Misty, originally staged at the Bush Theatre, has made its West End debut at Trafalgar Studios, and if you didn’t get to see it its first-time round, you should absolutely try your utmost to see it now.

Arinzé Kene’s show, directed by Omar Elerian, is subversive and metatheatrical. Broken into two parts presented interchangeably, the audience is told the story that lies at the narrative heart of the show whilst also experiencing stage version of Arinzé’s journey of writing and telling said story.

Arinzé battles through his creative process as he attempts to tell a story of Blackness while fighting the accusation from his friends, Donna and Raymond, that he’s written “a nigga play”. By telling the story of another friend who got into a fight on the night bus, Donna and Raymond (played by onstage musicians, Shiloh Coke and Adrian McLeod) believe he’s sold out to peddle an altogether too often told story of Black pain: their issue being that the truth of the story doesn’t help those whose truth it actually is; Arinzé’s argument is that he just wants to see people like his friend, people like him, represented onstage. On top of that, he also deals with his older sister’s disappointment in the way he has approached his work. His struggle with the desire to satisfy those close to him while also remaining true to the portrayal of his friend without alienating the rest of his Black community, is apparent through every stage of the show: through the script and visually. A motif centred around an orange balloon is interweaved beautifully throughout.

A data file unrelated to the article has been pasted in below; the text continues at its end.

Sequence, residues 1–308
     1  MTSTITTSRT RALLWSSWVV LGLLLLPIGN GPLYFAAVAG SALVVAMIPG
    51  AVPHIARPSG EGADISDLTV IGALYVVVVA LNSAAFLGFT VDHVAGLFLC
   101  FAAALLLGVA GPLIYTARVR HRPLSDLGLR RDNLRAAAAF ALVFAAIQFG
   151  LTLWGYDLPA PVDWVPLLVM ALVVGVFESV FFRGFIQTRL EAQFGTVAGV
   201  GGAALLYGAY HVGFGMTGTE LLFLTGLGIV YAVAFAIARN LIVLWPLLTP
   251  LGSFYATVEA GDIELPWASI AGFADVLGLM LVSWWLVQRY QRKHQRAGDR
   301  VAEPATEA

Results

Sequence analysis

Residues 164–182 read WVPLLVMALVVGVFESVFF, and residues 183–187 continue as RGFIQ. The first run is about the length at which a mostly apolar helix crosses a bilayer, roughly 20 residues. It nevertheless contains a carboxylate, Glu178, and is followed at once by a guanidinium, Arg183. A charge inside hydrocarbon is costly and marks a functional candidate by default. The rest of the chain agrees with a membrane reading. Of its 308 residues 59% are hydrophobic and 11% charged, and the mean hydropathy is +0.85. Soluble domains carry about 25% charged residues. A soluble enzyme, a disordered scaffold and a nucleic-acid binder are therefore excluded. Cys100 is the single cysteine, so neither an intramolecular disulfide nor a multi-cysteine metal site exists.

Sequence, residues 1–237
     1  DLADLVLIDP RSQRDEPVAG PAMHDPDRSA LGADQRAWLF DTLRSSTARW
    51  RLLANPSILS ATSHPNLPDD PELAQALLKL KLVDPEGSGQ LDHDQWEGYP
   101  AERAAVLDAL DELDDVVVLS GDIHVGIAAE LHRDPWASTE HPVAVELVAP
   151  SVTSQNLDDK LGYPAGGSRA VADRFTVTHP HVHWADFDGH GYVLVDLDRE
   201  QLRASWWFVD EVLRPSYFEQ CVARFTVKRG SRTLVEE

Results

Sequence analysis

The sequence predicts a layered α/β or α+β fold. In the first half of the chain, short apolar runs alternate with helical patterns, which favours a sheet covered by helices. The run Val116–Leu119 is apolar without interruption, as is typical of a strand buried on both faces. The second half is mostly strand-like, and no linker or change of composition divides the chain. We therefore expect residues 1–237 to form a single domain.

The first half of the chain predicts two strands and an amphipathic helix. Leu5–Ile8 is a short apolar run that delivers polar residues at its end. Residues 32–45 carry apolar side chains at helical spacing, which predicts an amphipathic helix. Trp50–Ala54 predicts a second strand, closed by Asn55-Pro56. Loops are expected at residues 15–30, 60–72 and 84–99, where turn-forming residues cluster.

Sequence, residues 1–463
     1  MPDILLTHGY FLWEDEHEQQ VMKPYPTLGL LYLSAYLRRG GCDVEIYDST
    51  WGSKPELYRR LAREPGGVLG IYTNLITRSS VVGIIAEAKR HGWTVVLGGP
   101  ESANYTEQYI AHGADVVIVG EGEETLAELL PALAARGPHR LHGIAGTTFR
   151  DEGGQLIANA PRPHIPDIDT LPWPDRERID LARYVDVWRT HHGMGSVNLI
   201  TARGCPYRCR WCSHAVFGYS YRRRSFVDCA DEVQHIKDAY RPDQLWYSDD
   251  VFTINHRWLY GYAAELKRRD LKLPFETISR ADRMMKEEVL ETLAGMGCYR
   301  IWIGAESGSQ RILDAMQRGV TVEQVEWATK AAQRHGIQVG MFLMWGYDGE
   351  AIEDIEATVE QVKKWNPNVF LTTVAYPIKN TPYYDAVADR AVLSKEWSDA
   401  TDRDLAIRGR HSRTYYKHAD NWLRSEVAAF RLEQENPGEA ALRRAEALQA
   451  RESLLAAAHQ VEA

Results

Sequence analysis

Kene gives an all but Herculean performance, onstage for its entirety (not including the interval) and dripping with sweat and pure talent. He blends poetry in the form of rap and spoken word with engaging storytelling and tops it off with a gorgeous singing voice. He blends sultry vocals with punchy diction. He blends hilarious comedy with jaw-dropping, heart-stopping drama. He blends joy and love with pain and suffering. The show even blends the maturity of age with the innocence of youth, compressing all the experience and societal insight, that comes with being an adult Black woman, that Arinzé’s older sister has into the young Sedonna Henok.

With Misty, Kene takes the allegations that he has written “urban safari jungle shit” and obliterates them. He redefines theatre, treating the audience to his honestly told “featre shit”, because where he comes from, they “say theatre like featre”. It’s spectacular in its honesty and eloquent in its rage; textured in its emotionality; and polished in its rawness. Rajha Shakiry’s design combined with Daniel Denton’s video design, creates an artistic version of the urban landscape created by Kene’s words. In fact, everything works in perfect harmony: the overall design; Coke and McLeod’s live musical accompaniment; Elerian’s skilful direction; and Kene’s explosive performance.

Very rarely do I ever come across a show that fills me with so much to say whilst simultaneously rendering me speechless. Misty is intelligent, visceral and incredibly powerful in every one of its aspects: so seamlessly performed whilst retaining its realness. It is the kind of theatre that is so deeply necessary and so thoroughly encompassing. Everyone should see this show.

Misty is playing at Trafalgar Studios until 20 October 2018. For more information and tickets, see here.